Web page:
‘National Purposes’ Aspect of National Broadband Plan Aims For Bold Actions Without Much SpendingBroadband's Impact, FCC, National Broadband Plan, Privacy, Smart Grid, Transparency March 15th, 2010
Rahul Gaitonde, Deputy Editor, BroadbandBreakfast.com
WASHINGTON, March 15, 2010 – Blair Levin, head of the Federal Communications Commission’s national broadband plan and the “national purposes” team at the agency previewed key points from the upcoming national broadband plan.
The object of the plan, they said, is not just to expand broadband networks, but to enable the creation of applications and innovations built upon that network. The six primary objective areas presented were healthcare, education, energy, civic engagement, economic expansion, and public safety.
Healthcare innovation could be poised to offer some of the greatest cost savings to Americans and many of these applications already exist they simply need a network to work over, said the team.
According to Health Care Director Dr. Mohit Kaushal, over the next 15 to 25 years, the total cost savings from electronic health records and remote monitoring could be $700 billion.
However, the U.S. ranks in the bottom half of health IT metrics. That disparity can be attributed to outdated regulation, insufficient connectivity, and poorly aligned economic incentives, said the team.
To solve these problems the FCC recommended pilot programs created to show the cost savings of remote monitoring and other telehealth initiatives. Simplification of the regulatory process is also needed for medical and telecommunications device manufacturers – including cooperation between the FCC and FDA over medical devices that use communications technology. To encourage the use of electronic health records, the team recommended that patients have access to and control use of their data.
Additionally, said the team, the rural healthcare program needs to be upgraded in the following ways:
- Subsidize ongoing broadband costs for delivery locations;
- Subsidize network deployment to delivery locations where existing networks are insufficient;
- Expand the definition of eligible providers; and
- Require participating institutions to meet outcomes-based performance measures.
In the field of education, many students already benefit from distance learning and access to a wide range of online databases and the ability to connect with scholars from around the globe. But expanded network connectivity is still needed.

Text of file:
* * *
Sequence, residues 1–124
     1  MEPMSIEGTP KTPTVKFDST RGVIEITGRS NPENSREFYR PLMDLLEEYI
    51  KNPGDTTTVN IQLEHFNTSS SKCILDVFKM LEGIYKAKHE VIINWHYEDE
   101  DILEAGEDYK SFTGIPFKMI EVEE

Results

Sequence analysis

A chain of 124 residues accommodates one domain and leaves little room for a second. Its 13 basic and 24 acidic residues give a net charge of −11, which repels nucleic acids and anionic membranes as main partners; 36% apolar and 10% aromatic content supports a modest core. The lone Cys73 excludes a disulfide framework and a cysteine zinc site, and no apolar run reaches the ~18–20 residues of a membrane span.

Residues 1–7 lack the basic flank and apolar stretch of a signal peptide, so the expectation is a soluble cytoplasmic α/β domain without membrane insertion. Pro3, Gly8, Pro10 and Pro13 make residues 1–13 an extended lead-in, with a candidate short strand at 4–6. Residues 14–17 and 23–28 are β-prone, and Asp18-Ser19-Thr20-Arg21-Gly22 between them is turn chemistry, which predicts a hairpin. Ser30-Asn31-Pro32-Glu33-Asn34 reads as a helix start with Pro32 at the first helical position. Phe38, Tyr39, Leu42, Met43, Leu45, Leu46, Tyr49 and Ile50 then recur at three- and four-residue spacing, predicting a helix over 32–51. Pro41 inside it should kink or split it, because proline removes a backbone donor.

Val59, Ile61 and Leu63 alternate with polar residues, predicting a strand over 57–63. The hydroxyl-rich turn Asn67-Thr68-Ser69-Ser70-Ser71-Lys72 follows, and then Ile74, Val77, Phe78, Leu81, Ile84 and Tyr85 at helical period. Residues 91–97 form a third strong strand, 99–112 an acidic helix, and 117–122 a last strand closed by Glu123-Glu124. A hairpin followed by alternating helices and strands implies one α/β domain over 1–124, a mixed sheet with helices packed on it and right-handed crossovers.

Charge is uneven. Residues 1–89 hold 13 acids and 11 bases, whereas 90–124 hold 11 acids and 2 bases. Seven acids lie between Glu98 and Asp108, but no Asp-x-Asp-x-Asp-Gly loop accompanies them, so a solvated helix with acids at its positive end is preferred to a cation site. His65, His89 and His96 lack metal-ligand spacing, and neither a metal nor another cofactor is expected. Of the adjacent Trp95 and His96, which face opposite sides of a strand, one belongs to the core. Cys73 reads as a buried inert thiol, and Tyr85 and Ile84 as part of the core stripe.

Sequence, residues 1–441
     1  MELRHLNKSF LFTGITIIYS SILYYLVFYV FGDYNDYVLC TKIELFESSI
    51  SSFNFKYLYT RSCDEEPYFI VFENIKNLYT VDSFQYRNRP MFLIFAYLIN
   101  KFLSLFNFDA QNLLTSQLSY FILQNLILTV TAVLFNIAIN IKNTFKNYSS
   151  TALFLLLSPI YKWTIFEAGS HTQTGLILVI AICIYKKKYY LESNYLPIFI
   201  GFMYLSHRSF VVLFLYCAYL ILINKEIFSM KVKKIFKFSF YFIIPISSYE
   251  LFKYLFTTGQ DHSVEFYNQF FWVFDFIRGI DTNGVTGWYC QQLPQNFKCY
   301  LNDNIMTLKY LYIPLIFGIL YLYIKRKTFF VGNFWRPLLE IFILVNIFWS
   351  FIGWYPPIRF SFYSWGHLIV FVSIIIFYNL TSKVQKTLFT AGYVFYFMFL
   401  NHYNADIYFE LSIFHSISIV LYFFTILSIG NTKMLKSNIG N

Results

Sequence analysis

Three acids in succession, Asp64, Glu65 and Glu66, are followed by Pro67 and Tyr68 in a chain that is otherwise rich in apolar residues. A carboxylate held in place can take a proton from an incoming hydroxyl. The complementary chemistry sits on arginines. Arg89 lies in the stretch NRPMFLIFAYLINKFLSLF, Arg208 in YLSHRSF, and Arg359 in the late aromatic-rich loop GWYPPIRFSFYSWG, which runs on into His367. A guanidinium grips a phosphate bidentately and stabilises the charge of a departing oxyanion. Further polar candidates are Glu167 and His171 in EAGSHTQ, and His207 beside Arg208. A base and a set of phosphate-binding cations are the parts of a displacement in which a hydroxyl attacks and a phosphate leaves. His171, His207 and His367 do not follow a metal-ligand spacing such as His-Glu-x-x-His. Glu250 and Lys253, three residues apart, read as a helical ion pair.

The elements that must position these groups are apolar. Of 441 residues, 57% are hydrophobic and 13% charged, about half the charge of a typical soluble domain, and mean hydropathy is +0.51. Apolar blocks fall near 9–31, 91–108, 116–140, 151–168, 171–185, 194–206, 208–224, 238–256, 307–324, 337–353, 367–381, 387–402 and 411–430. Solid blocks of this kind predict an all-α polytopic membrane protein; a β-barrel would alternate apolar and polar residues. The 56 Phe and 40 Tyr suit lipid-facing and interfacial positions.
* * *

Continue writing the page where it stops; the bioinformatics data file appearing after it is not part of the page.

According to a pilot program conducted by students at Carnegie Mellon University, students who took a hybrid statistics course which included in-room participation and online course work were able to put in fewer hours of work but did just as well as students who participated in a traditional class.
The limitations also include a lack of digital materials for school children such as e-textbooks. School districts currently have no ability to buy an entire set of digital books to be shared by all of their students. Many schools lack access to high speed access, although simplification of the eRate program might help. An electronic student record might allow for easier sharing of academic and performance data.
The energy and environment sectors may also see massive gains from an expanded broadband network, the team said. The FCC is already working with the Department of Energy to create a nationwide “smart” electric grid. Such a network, advocates say, would will allow for better load management by the energy companies, permitting consumers to decrease usage.
The final three areas civic engagement, economic expansion and public safety each provided very specific and unique opportunities.
On civic engagement, the FCC sees the use of broadband as a way to not only save the government money but allow for increased transparency and participation buy the citizenry. Under the Obama administration, the government has pushed more data to the public via a series of web sites.
One of the most direct cost savings to the government comes through the e-filing of tax returns. According to the Internal Revenue Service, an eFile application cost 35 cents to process, while a paper filling costs $2.87. Currently, 42 percent of individuals still file paper.
Additionally, the FCC recommends that the government look at the use of cloud computing to reduce costs. Among the economic opportunities provided by broadband, the expansion of telework is well-documented. Public safety may also benefit from expanded communications tools and the integration of emergency 911 services with location-based software and more internet-based technologies.